Works like Blasted, Crave and 4.48 psychosis made the young play-writer a renowned figure in the underground London theatre scene. Yet, depression got the best of her and she would sadly end her life too soon, at the age of 29.
If you’re in the market for a new book, here’s some sage advice from one of literature’s most influential book reading list advisors, Oprah David Bowie. At
Considered a semi-autobiographical novel, The Damned was written during the fin de sicle in Paris, where we follow Durtal a nihilistic writer currently working on the biography of Gilles de Rais, infamous 15th century serial killer, rapist and once a companion of Jean of Arc.
Rais satanic rituals, drive Durtal to investigate the current status of satanism in contemporary Paris. What begins with great distrust, soon becomes a full first hand experience of the occult after he starts an affair with the enigmatic Madame Chantelouve.
The most infamous australian tank-driving punk girl (are there that many?) and her collection of surreal adventures in the post apocalyptical outback. Accompanied by her kangaroo boyfriend and occasional friends, Tank Girl was born within the british fanzine scene of the late 80´s and heavily influenced by pop culture and punk. The vignettes and narrations where often disorganized and chaotic, but that just gave the comic a more noticeable style.
The comic later was made famous by the tragic and horrible film adaptation of 1995, something that Hewlett & Martin always regretted. Tho i must admit that my inner 12-year-old will always be in love with Lory Petty in that role.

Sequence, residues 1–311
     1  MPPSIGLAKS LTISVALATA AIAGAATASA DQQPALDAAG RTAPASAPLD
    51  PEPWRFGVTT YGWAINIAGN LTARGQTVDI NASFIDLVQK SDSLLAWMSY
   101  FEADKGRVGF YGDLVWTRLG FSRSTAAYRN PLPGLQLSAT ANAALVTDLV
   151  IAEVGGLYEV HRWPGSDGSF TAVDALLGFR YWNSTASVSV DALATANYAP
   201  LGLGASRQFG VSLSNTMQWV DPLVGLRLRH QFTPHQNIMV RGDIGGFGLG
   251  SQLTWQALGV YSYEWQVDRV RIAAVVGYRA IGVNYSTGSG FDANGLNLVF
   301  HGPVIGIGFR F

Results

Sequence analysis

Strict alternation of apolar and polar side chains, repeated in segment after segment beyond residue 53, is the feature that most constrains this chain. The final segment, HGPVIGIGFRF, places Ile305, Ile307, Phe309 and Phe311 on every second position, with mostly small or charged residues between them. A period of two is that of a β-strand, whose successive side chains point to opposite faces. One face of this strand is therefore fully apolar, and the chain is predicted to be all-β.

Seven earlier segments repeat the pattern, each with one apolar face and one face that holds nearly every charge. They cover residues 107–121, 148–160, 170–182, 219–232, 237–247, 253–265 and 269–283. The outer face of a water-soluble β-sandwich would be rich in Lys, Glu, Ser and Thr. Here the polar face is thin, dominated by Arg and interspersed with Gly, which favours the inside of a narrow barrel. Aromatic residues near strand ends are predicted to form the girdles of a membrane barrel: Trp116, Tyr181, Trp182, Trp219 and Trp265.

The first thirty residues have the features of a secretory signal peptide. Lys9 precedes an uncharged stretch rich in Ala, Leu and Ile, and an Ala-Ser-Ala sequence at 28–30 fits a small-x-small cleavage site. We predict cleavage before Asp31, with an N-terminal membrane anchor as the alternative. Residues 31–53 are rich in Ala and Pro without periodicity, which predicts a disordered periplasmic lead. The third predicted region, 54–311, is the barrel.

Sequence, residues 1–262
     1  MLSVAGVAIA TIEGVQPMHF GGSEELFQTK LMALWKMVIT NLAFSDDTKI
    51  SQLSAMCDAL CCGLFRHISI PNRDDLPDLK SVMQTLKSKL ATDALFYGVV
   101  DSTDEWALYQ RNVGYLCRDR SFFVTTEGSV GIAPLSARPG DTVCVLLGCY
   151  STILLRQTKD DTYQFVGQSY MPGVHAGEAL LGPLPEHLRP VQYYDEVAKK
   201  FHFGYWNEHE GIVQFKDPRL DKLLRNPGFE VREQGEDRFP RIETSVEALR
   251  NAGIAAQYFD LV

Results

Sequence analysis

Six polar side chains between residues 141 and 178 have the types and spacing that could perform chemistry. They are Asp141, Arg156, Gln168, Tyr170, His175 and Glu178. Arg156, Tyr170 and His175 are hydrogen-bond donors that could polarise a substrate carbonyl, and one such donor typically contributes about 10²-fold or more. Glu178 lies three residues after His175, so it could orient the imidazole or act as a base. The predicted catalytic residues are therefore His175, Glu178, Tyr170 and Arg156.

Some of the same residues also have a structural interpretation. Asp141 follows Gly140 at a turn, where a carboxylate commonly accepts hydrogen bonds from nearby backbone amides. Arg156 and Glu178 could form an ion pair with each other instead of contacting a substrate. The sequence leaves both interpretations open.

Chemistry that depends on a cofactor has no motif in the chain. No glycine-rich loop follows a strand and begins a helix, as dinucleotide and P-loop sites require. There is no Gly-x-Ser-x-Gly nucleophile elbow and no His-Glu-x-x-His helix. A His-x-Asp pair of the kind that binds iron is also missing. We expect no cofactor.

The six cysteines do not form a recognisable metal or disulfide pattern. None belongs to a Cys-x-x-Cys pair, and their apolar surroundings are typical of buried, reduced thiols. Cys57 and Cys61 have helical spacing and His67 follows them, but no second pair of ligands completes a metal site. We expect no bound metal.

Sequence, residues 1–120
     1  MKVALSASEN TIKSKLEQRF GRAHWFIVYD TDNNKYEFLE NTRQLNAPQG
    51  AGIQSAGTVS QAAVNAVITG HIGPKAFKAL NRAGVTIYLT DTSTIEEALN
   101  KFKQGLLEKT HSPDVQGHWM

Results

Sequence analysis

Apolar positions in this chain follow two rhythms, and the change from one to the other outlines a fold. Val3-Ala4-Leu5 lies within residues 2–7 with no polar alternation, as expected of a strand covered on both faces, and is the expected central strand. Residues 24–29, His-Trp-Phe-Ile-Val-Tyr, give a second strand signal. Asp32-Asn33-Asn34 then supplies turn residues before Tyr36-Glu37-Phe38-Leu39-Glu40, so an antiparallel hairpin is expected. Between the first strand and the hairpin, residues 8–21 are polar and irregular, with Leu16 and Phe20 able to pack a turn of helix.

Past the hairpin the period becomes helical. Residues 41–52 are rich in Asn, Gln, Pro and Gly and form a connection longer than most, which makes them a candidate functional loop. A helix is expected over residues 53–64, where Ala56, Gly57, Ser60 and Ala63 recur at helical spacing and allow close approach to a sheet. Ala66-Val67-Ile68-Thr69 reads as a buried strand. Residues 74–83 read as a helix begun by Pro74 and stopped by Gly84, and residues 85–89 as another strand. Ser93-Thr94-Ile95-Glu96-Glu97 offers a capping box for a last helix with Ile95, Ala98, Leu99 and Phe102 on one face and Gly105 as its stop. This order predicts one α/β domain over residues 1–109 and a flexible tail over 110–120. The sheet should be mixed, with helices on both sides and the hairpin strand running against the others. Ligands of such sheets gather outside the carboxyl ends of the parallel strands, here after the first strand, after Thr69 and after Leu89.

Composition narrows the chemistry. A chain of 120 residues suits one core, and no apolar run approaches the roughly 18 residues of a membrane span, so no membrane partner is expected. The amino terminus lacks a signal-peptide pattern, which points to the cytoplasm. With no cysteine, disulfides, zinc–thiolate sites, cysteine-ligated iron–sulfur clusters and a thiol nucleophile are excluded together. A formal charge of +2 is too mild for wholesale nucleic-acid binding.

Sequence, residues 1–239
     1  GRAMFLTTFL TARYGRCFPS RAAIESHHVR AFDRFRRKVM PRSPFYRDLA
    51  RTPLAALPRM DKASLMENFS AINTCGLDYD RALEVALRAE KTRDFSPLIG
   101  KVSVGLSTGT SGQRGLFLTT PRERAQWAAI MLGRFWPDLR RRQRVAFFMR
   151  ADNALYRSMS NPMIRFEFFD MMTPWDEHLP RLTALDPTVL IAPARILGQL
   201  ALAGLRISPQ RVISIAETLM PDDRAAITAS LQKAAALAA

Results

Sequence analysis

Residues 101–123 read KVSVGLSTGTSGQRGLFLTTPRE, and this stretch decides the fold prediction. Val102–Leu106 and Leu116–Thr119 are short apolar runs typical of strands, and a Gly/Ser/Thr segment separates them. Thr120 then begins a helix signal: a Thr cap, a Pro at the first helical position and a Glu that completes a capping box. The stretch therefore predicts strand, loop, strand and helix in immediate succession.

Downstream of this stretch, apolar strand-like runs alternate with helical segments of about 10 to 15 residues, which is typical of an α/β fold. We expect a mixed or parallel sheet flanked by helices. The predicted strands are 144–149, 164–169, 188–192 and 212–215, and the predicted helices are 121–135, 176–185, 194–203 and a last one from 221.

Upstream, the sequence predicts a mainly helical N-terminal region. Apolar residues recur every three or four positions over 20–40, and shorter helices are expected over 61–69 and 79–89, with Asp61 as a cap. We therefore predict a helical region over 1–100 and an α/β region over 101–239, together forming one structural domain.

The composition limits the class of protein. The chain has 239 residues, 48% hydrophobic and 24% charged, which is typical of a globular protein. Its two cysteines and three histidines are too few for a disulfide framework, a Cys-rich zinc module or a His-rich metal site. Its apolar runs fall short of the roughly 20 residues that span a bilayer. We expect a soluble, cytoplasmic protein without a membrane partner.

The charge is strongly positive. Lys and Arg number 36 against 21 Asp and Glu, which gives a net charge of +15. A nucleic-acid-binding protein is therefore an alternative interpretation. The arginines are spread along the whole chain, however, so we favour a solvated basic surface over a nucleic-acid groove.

For some reason is hard to come across literature that handles humor with such talent; sure there are some funny books out there but mostly they’ll be autobiographies, compilations or satires. Yet, in fiction, the body of works that can be labeled as comedy and still make it to any ¨best books¨ list is no more than a handful.
Lamb is as funny as it is sacrilegious, so it holds a special place for me. The story addresses the gospel according to Biff, Jesus childhood pal and wingman that has a predilection to get into fights and spend money on prostitutes. Their mission is to make a long trip searching for the Three Wise Man that witnessed Jesus birth years ago so they can teach him how to be a messiah.
I don’t know why I never owned a copy of Catch 22 until now. Is one of those titles that I feel should be on every bookshelf.
There’s not much that can be said about ¨the war novel to end all war novels¨ that hasn’t been plastered all over the internet:
¨There was only one catch and that was Catch-22, which specified that a concern for one’s own safety in the face of dangers that were real and immediate was the process of a rational mind. Orr was crazy and could be grounded. All he had to do was ask; and as soon as he did, he would no longer be crazy and would have to fly more missions. Orr would be crazy to fly more missions and sane if he didn’t, but if he was sane, he had to fly them. If he flew them, he was crazy and didn’t have to; but if he didn’t want to, he was sane and had to. Yossarian was moved very deeply by the absolute simplicity of this clause of Catch-22 and let out a respectful whistle.¨